Edinburgh bin strikes: What are they and what can you do?

The city’s refuse workers have started a 12-day strike over pay disputes

Between 18th and 30th August, Edinburgh’s refuse workers will be striking over pay disputes between Unite the Union and GMB members and the Scottish council.

This is the first bin strike planned in Scotland, with a series of others scheduled to go ahead across the country in following days.

The bin strikes mean that no waste bins or recycling will be collected for 10 days from Edinburgh streets, and already the rubbish is piling up around the city.

Bins on Forrest Road

Edinburgh is currently hosting the Fringe festival, which sees hundreds-of-thousands of visitors coming to the city. This generates even more rubbish than usual, with mass flyposting taking place as performers advertise their shows.

On Sunday, volunteer street performers and festival staff went litter picking in an attempt to make the city tidier.

Edinburgh residents have been asked to store their rubbish indoors rather than taking it out onto the streets by council leaders.

This morning the director of Edinburgh’s conservation charity The Cockburn Association, Terry Levinthal, said on BBC Radio’s Good Morning Scotland: “Until such time as the strike action is resolved, I think everybody has a part to play in this. People who live in the city have to manage their waste appropriately.

“Don’t put it out – there is no sense in putting it on the street.

“There is waste that you can store – inert waste like cardboard, that kind of stuff. You can find a corner in your house or flat to keep it. It’s that kind of management we need to get through this.”

While bins in Old Town are already massively overflowing, many of the bins around Marchmont and Newington are also already full.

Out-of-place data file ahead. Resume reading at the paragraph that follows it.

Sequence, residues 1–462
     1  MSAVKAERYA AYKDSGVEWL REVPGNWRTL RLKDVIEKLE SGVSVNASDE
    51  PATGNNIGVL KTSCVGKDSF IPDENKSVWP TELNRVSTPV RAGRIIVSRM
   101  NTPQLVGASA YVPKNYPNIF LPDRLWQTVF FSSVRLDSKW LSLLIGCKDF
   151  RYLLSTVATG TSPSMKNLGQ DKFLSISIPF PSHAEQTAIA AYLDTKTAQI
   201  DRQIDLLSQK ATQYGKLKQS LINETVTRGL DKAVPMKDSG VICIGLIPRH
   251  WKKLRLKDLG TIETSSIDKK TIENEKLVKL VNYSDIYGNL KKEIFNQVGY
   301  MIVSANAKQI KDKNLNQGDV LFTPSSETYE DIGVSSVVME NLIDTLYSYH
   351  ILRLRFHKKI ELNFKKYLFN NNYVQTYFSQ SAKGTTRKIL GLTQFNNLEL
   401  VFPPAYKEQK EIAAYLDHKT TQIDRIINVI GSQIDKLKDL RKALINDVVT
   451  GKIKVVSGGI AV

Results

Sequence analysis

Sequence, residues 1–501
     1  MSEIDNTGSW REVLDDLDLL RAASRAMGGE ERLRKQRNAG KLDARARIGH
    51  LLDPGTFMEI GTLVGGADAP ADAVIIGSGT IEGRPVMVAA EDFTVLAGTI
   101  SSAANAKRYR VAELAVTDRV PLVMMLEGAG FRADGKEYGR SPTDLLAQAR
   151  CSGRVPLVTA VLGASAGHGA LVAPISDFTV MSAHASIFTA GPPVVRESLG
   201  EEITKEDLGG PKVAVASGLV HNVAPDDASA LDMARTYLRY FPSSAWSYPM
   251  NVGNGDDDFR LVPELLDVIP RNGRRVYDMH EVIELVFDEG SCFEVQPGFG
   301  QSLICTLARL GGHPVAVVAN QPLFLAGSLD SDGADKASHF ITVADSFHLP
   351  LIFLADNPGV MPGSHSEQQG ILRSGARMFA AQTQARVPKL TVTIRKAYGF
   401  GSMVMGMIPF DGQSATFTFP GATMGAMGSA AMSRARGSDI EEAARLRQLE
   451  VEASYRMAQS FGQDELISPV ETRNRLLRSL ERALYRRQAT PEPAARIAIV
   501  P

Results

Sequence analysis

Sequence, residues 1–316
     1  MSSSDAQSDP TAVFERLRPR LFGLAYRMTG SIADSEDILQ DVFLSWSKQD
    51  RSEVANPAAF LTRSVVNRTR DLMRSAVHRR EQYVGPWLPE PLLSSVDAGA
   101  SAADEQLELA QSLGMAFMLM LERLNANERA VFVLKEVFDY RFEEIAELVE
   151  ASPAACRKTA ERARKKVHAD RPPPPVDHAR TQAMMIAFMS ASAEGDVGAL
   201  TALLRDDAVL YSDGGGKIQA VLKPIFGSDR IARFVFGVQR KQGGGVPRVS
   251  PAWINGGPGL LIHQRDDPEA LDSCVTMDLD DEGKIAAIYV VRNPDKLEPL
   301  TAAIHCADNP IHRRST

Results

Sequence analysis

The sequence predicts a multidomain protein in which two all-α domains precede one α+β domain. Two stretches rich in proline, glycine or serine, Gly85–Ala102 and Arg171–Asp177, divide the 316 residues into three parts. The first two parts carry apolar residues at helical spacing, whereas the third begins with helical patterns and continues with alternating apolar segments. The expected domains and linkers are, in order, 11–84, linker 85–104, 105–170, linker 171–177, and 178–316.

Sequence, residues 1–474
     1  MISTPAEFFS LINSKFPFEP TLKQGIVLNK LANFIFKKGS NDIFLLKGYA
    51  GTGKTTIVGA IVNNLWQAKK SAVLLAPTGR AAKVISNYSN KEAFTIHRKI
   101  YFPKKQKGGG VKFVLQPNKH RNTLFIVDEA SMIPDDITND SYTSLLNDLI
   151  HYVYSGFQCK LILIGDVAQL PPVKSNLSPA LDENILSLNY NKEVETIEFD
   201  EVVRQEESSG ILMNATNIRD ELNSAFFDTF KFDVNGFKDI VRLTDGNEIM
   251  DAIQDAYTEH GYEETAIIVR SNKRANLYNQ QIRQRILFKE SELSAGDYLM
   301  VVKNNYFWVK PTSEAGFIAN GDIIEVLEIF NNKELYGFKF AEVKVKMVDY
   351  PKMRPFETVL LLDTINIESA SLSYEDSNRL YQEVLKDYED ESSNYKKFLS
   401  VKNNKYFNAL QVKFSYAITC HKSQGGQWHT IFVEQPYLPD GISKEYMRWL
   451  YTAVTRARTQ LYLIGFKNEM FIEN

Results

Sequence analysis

Overflowing bins in The Meadows

What can you do to minimise waste build-up?

While it’s not pleasant having to keep rubbish bags inside your flat for ten days, there are a few things you can do to make the situation better.

Edinburgh flats are already known for having rodent residents, so it’s important to minimise attraction during the strikes.

Here are a few things you can do to minimise waste build-up:

1. Check your garden for a compost

One of the biggest concerns is what to do with food waste, so check your garden to see if there’s already a compost for food waste, or if there’s a place to start one.

If not, separate out what you really can’t keep in your flat and head out to find an emptier bin. The general litter bins around George Square and Bristo Square are still being emptied, so if you really need to throw certain things away, you can try there.

2. Squash, squash, squash

A lot of recycling like cardboard boxes and empty plastic bottles can be folded or squashed to minimise the amount of space your recycling takes up. This makes it easier to store in your flat for 10 days before it can go outside again.

Make sure you wash out cartons and bottles properly before squashing, and then you’ll have clean recycling that can be easily stored without attracting vermin or causing a smell.

3. Fill empty bottles and milk cartons for extra space

If you’re really struggling with places to store rubbish, you can actually squash a lot into a big plastic bottle or a milk carton.

This works especially well if you have smellier waste like empty pet food packets, as you can pack a load into a milk carton, put on the lid to contain the smell, and then store somewhere until the strikes are over.

4. Shop zero waste

Edinburgh has multiple zero waste stores, like The Refillery in Newington and The New Leaf Co-op in Marchmont.

To reduce waste build-up, why not buy zero waste products!

5. Check your blue paper bins

While it’s likely the green recycling bins are full, you might be able to find empty space in your street’s blue paper bins.

These are used much less by people, so separate out your paper rubbish and take that pile out to make some more space in your flat.

You’ll still have a lot of recycling left to store, but at least it’s something.

An empty paper bin versus a full green recycling bin in Marchmont

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